Ancient Monuments

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Two bowl barrows and a lime kiln 220m west of Llan Oleu

A Scheduled Monument in Craswall, Herefordshire,

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Latitude: 52.0239 / 52°1'25"N

Longitude: -3.084 / 3°5'2"W

OS Eastings: 325717.894708

OS Northings: 236713.850081

OS Grid: SO257367

Mapcode National: GBR F2.GRN5

Mapcode Global: VH786.HDGC

Entry Name: Two bowl barrows and a lime kiln 220m west of Llan Oleu

Scheduled Date: 2 July 1996

Source: Historic England

Source ID: 1014546

English Heritage Legacy ID: 27515

County: Herefordshire,

Civil Parish: Craswall

Traditional County: Herefordshire

Lieutenancy Area (Ceremonial County): Herefordshire

Church of England Parish: Craswall

Church of England Diocese: Hereford


The monument includes the earthwork and buried remains of two bowl barrows,
one superimposed upon the other, and a lime kiln which has been inserted into
the first barrow mound. The monument is dramatically situated on a spur of
high ground in the foothills of the Black Mountains, overlooking the
headwaters of the River Monnow. The remains include an earthen mound of oval
form, measuring c.25m south west to north east by c.17m transversely. An
almost continuous kerb of large stone blocks is visible around the foot of the
mound, except in the south west quarter where it has been modified by the lime
kiln. This kerb would originally have formed an internal revetment to the foot
of the mound which has subsequently been revealed by erosion. In the north
west the kerb appears to turn inwards along an alignment which probably
represents the original edge of the barrow, subsequently modified by the
construction of the lime kiln. Plough erosion in this area has resulted in a
false foot to the mound some 1.5m beyond the kerb. The barrow has a gently
domed profile and rises to a height of c.1.8m. Material for its construction
will have been quarried from a surrounding ditch, although this has become
infilled and no evidence for it is visible at the surface. Superimposed upon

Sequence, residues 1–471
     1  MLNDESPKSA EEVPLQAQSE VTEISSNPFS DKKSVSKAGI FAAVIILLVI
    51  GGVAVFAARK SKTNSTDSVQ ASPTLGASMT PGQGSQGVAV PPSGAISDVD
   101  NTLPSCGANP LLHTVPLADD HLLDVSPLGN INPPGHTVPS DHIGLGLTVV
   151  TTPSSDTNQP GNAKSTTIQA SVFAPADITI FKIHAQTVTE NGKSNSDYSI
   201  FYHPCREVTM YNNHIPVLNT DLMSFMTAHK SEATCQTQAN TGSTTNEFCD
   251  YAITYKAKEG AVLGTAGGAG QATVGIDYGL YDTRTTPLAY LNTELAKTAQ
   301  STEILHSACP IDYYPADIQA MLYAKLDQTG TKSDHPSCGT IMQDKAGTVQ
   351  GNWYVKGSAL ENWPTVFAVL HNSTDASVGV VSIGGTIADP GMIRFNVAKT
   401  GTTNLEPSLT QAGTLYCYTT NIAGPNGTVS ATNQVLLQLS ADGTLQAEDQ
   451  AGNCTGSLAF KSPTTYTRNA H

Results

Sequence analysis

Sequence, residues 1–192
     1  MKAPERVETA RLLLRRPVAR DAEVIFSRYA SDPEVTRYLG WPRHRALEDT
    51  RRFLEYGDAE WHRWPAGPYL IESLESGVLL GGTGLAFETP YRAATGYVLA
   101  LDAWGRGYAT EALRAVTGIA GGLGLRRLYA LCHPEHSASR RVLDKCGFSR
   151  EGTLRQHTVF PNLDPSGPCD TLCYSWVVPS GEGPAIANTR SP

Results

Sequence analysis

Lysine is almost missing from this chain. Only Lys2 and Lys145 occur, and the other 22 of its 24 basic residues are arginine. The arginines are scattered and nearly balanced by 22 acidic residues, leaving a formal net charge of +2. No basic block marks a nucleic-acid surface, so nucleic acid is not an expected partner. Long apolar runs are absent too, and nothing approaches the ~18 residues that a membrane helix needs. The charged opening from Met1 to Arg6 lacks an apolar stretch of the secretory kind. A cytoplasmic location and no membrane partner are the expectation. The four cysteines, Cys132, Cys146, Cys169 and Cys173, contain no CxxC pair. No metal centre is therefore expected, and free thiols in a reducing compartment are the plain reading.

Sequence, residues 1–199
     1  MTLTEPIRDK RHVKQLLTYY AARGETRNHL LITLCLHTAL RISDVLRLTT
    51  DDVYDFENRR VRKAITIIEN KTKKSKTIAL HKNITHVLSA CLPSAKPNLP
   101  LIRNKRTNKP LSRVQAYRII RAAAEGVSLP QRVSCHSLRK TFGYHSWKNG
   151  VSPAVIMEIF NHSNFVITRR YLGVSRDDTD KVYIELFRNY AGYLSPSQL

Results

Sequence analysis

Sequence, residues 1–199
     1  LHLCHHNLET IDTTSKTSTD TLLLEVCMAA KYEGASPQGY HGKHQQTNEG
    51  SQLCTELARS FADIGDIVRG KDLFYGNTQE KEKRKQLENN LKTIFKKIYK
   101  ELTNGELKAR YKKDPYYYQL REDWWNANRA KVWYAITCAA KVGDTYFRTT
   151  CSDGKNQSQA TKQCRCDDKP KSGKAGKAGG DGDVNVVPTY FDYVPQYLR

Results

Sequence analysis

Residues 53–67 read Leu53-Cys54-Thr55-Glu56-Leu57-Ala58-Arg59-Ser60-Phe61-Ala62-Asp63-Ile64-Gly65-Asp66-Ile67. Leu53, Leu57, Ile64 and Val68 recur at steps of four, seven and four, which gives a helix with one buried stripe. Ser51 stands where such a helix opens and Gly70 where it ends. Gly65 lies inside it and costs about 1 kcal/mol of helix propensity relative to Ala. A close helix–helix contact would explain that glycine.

this barrow is a second earthen mound, again oval in plan, and offset towards
the south west end of the underlying one. This mound measures roughly 10m x 8m
and has a domed profile rising c.1.2m. To the south west and south its sides
merge with that of the barrow beneath, falling steeply to the surrounding
ground level.
The south west quarter of the first barrow has been modified by the insertion
of what is known to be a lime kiln. The remains of this appear as a hollow
measuring c.8m across at the base and rising to the summit of the mound. The
hollow represents the remains of the firing chamber and is now filled with a
large quantity of stones, many of which show signs of heating. The kiln may
have been constructed to provide mortar for the construction of the farm
buildings at nearby Llan Oleu. On the northern side of the hollow a number of
stone slabs form a ledge leading into the chamber, which may be the remains of
the kiln lining, or perhaps a ledge which would have supported a framework
above the hearth, holding the stone for burning.
In its lofty position the monument commands impressive views in all directions
and is clearly visible from below the surrounding area. A footpath passes
below it to the north and Offa's Dyke path passes along the ridge above.

The site of the monument is shown on the attached map extract.